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PSYC18 L10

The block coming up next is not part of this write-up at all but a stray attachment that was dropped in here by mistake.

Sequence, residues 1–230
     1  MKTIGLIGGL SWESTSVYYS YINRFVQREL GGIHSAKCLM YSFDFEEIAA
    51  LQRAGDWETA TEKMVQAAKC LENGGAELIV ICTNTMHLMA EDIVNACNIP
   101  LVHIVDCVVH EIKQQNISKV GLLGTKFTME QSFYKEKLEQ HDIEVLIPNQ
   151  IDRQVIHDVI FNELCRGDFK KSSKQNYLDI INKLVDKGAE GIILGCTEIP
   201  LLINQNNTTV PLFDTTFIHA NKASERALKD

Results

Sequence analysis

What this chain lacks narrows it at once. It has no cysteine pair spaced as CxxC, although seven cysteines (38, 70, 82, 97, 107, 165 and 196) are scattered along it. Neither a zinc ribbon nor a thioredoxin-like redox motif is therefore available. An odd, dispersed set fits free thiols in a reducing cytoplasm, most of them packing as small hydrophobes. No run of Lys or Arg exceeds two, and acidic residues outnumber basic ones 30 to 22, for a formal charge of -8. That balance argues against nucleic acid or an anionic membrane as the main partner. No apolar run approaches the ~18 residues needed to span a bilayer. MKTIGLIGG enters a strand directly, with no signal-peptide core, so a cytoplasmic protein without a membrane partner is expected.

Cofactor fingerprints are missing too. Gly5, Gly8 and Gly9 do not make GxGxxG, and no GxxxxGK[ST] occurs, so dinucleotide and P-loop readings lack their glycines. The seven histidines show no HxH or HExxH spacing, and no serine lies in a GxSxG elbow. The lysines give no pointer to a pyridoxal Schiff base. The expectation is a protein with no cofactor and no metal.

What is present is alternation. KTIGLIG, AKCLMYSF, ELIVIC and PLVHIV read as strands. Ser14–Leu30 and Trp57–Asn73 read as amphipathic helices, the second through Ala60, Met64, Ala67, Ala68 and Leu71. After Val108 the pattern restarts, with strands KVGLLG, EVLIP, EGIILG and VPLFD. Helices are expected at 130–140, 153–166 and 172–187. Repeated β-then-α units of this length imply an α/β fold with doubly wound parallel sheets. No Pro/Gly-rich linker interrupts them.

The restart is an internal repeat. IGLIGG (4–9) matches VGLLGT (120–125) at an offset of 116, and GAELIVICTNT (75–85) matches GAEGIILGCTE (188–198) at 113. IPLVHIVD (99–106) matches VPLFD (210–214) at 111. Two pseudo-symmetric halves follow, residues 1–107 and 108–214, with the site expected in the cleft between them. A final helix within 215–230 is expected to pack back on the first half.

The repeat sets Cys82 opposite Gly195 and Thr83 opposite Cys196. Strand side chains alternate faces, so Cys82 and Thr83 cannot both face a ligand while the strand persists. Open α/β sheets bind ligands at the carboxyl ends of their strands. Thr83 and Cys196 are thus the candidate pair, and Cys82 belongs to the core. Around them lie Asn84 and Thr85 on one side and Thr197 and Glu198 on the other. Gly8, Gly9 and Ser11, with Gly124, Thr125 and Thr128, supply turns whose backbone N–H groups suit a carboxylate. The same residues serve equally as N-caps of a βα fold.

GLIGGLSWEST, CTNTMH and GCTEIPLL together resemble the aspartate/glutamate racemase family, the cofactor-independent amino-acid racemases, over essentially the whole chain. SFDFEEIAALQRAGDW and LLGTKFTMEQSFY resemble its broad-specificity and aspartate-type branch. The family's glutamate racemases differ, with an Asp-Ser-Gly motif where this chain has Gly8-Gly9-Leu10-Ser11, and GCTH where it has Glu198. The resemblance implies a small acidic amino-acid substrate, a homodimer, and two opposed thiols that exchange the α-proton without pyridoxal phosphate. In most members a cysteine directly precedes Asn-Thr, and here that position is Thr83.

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PSYC18 Psychology of Emotion Lecture 10, March 29/2012 1) William James – Search for Meaning: - Emotion evoking  bodily feedback  creates feedback loop  sustains emotion. - Cognition and bodily reaction work together to create an experience, and the bodily reaction sustains the experience (classic example of organic + noetic). Emotion doesn’t last forever, but it becomes a self-sustaining system. 2) Psychodynamic  From early on in our life, we have situations that become symbolic to us (family, health threats), and that these early situations lay down foundation for emotion – all emotions become echoes of these early experiences. - If something happens early on as powerful experience, it becomes a paradigm situation to which you are sensitive later on. E.g. early conflict makes one sensitive to conflict nowadays. 2 critical points for Psychodynamic Theory: - Critical events happen early on, interpreted from perspective of child - These are generally unresolved conflicts – carried around. Ziegarnik Effect – need for completion (psychodynamic narrative is need for completion essentially). Defense mechanisms are ways to avoid intensity of emotion – not effective however. Value of therapy is the changing of unresolved issues into something that can be put onto table and dealt in responsible manner. 3) Cognitive Psychology  Focus is on precision Psychodynamic  Focus is on richness Need a balance of the two 4) . 5) Comte – talked about positivism. Being positive that something happened because you saw it e.g. Certainty that something occurred. - Just because you can measure, calculate or control something – does not mean it is real. It can be real for you, but not for others – does not imply real is true. - Definitions of aggressive or abusive behaviour are difficult for example. The meaning of what is taken as a measurement of real is different to different groups of people. In order to show electron exists, we must use measuring technique that destroys it in the process. Different cultures  different notions of what is true. Moving from physical to social measurement of something, that is a big step. Truth is always relevant to the knower, but we take it for granted. Knowledge as true is taken for granted, and it is positive knowledge because everyone in group takes it and treats it as true. We can also be raised with medical biases about the true, and procedures about the truth (e.g. using fig leaf vs. liquid nitrogen to treat foot corn). - Medical science lives within epistemological framework. 6) Phenomenology If you want to understand a phenomena (e.g. divorce, loss of child, giving and receiving, health response, etc.) then the logical thing to do is to get a group of people who lived in that reality, and get them to talk about their experience while listening carefully – but why doesn’t this happen in our current modern psychology? Because the world of laboratory has replaced the world we know. - Real knowledge must be trans-temporal. - How universal are situations? 7) We have all had moments of fear or sadness. In the one hand you want to be clear about your phenomena (knowledge of the situation) 8) Ontology – the science of being. We give meaning to our world (intentional relation to our environment). We intend our worlds in the sense that we confer meaning in our world, because that’s how we talk about how world is. We have an intentional relation to world because it makes it intelligible to us. 9) Intuition – spontaneous understanding of something. Apprehension – concept in psychology that goes back to 19 century – t
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